Stafford Beer was not the only person to devise a system for applying cybernetics to management and decision making processes. In the post war years Dutch pacifist, educator, and peace worker Kees Boeke developed a form of deep or dynamic decision making based on a 19th Century idea called Sociocracy. This has more recently started to influence intentional communities who have found that they want something other than consensus as a model for decision making. Beer’s VSM model was used in the 1980’s by the Suma wholefood co-operative to restructure their business after it had grown to a point where they were having problems with taking collective decisions.

” The problem which had triggered the VSM study was an almost universal recognition that the Wednesday meetings were not working. As the size increased, agendas were getting longer and longer, less and less was getting dealt with, arguments were common, and many people didn’t like to have departmental matters voted on by a large group, most of whom had no direct experience of the issues.”  Jon Walker www.esrad.org.uk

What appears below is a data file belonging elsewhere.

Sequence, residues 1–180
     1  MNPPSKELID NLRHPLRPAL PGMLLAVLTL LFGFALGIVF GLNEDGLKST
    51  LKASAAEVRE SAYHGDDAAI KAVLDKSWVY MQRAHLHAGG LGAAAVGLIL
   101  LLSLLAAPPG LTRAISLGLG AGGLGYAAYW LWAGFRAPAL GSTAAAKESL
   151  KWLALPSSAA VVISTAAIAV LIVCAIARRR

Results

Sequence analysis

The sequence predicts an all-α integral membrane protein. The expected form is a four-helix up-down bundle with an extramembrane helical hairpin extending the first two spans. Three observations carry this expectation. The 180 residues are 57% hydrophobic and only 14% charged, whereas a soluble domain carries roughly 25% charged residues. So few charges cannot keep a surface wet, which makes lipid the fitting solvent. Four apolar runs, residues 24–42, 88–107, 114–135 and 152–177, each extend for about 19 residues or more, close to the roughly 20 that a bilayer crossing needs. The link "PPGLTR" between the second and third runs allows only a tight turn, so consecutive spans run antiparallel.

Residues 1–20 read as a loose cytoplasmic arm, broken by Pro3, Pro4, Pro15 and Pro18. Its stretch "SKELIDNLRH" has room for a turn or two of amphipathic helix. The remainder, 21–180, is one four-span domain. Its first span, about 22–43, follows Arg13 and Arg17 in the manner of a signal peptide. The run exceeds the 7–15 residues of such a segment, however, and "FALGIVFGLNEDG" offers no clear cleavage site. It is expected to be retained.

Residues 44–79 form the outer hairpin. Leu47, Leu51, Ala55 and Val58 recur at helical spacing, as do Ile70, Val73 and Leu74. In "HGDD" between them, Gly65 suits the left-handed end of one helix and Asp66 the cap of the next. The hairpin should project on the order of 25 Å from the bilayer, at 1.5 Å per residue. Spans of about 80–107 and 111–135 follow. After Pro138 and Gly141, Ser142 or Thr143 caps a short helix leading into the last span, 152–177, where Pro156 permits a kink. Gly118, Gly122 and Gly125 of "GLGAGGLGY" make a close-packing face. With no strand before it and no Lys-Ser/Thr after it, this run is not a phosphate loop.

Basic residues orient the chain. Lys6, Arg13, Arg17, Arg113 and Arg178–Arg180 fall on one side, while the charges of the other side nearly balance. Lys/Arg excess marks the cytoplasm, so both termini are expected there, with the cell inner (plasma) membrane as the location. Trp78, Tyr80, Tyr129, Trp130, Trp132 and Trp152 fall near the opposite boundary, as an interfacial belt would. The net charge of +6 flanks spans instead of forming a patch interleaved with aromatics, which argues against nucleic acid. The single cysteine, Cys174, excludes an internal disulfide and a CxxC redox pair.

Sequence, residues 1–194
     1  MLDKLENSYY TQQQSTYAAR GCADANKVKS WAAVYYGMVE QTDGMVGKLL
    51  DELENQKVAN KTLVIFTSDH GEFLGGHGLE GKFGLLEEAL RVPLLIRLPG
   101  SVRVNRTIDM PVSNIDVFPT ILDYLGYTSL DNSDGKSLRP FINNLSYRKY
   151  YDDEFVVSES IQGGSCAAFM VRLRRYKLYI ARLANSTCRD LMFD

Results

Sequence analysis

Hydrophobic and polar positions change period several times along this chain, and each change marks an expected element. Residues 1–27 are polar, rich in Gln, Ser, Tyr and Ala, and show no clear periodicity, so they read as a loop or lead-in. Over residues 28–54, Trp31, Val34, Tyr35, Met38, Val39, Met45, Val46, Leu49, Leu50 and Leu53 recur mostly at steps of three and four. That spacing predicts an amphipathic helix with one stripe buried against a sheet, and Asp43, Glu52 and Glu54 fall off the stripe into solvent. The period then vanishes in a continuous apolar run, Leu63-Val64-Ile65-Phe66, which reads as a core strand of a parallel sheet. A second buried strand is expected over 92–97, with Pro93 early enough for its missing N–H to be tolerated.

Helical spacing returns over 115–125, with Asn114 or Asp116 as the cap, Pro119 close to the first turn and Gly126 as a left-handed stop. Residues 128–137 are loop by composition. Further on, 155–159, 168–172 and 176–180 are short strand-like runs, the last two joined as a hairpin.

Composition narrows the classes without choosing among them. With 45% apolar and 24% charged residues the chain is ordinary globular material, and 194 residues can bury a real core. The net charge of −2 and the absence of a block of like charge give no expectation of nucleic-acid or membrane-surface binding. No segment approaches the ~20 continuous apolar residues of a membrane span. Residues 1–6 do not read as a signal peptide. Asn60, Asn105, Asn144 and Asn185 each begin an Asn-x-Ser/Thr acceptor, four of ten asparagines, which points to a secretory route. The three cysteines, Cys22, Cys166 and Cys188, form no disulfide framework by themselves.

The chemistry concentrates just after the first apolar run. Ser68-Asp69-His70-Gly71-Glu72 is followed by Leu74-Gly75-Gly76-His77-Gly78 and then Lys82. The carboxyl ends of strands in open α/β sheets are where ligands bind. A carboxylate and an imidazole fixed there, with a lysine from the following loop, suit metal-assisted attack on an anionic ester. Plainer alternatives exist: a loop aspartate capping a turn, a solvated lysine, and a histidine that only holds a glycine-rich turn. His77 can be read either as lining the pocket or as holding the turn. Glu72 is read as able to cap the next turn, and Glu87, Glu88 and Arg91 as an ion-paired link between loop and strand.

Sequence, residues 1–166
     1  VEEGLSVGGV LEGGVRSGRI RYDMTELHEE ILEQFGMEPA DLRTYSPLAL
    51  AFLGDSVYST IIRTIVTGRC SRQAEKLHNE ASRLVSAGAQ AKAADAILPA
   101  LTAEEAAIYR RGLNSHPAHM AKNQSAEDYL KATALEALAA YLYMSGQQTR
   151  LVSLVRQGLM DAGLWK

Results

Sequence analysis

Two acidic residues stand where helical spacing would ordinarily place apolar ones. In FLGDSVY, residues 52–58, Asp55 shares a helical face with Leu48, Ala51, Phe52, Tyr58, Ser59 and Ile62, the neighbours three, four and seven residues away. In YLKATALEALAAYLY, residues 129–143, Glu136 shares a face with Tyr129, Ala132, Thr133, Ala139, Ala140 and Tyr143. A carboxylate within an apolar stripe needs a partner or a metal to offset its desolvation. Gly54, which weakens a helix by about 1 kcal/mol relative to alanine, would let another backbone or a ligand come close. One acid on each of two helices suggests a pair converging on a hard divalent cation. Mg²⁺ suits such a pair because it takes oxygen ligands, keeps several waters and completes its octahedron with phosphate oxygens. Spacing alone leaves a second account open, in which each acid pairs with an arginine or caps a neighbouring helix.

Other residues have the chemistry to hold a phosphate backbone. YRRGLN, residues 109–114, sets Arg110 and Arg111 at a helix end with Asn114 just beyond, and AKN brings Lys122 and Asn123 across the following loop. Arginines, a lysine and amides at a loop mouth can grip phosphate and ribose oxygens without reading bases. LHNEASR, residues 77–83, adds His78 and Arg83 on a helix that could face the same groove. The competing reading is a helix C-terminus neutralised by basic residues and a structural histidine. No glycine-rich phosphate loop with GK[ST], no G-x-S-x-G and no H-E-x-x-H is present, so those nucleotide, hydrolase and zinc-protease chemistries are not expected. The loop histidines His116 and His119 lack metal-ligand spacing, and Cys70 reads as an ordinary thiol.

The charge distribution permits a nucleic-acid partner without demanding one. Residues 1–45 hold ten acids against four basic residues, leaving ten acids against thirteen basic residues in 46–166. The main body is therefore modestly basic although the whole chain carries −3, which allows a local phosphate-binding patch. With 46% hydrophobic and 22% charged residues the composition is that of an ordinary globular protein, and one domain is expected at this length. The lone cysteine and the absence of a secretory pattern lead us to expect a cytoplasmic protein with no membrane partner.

In 1974  long-time Cambridge anarchist activist Joan Harvey, who had been running something called the  Commune Services Agency and who’s daughter Sarah had been the secretary of the Communes Movement and went on to be a founder of the Crabapple community, borrowed Stafford Beer’s Brain of the Firm from Swiss Cottage Library. So taken was she with the ideas in the book that she lent it to her son-in-law Brian Eno and in doing so sparked “a quiet but highly significant revolution over the following decades in popular music.”  Eno went on to become a friend of Beer’s and to use his ideas in his music. Along with artist Peter Schmidt, Brian Eno also created his own decision making system or aid called Oblique Strategies. Originally produced as a series of over a hundred individual cards each with a short lateral thinking.sentence on it aimed at helping artists (particularly musicians) break through creative blocks. Unlike the Viable Systems Model, or Sociocracy, the Oblique Strategy cards bring an element of inspired randomness into decision making. If you fancy trying out your own Oblique Strategy they are now available on line at: http://stoney.sb.org/eno/oblique.html